Though this site is not about home computer systems, but about small SBC’s, it is nevertheless interesting to look at the Atari 850 system.
Atari produced the 850 Interface Module to provide access to devices complying with two important interface standards of the time, RS-232-C serial and Centronics parallel.
Four serial interfaces, one parallel interface in self contained case, with its own power supply. Connected to the Atari via the standard SIO cable.
When you look into the system you discover it is actually a simple microprocessor system. The heart is a 6507 CPU, the serial and parallel lines are built with two 6532 IC’s, a ROM with the software.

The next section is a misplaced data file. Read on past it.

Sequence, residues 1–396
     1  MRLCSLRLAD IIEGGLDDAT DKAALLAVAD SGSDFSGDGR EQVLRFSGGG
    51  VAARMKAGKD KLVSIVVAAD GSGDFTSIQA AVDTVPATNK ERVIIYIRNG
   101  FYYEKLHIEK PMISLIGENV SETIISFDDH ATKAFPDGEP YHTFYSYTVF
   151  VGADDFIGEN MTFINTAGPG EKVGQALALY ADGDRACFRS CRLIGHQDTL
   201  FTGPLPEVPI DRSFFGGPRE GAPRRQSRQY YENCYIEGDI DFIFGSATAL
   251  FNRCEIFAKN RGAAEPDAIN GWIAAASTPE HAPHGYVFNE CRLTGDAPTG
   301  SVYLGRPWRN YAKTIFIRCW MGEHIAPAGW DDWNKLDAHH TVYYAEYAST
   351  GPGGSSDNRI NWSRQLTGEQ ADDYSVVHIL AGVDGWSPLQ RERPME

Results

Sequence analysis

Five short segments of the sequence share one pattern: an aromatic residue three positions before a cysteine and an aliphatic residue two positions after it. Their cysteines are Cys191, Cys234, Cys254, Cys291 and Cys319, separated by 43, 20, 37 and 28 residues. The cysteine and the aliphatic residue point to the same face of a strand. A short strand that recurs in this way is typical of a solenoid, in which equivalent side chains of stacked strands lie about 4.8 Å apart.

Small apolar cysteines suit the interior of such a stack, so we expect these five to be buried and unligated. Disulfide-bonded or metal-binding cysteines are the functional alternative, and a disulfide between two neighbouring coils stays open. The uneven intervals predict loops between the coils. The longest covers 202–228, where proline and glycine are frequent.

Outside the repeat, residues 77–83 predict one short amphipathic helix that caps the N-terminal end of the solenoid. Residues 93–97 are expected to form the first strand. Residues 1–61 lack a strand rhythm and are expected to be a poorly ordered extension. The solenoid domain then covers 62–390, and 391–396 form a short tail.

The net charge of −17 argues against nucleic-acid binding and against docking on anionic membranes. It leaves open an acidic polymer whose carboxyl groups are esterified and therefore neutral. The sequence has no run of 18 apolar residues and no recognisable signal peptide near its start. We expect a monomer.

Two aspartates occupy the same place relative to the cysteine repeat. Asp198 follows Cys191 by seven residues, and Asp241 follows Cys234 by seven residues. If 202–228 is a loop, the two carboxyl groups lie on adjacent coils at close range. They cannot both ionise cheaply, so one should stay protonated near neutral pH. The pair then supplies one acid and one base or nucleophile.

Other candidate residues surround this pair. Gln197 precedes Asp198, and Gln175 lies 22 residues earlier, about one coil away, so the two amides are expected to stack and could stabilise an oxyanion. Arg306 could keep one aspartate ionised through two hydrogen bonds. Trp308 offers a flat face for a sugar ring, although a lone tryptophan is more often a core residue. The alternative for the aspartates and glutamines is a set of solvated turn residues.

Serial interfaces and the 6532? This means bit banging.
So this fits well in the theme of small SBCs!
I show you here the circuit diagram, operator, service and technical manual and the sources/binaries of the ROM.
|Atari 850 interface Module Operator Manual|
|Atari 850 interface Module Technical Manual|
|Atari 850 interface Module Service Manual|
|Sources and binaries of the 850 ROM|
|Parts list page 1, 2|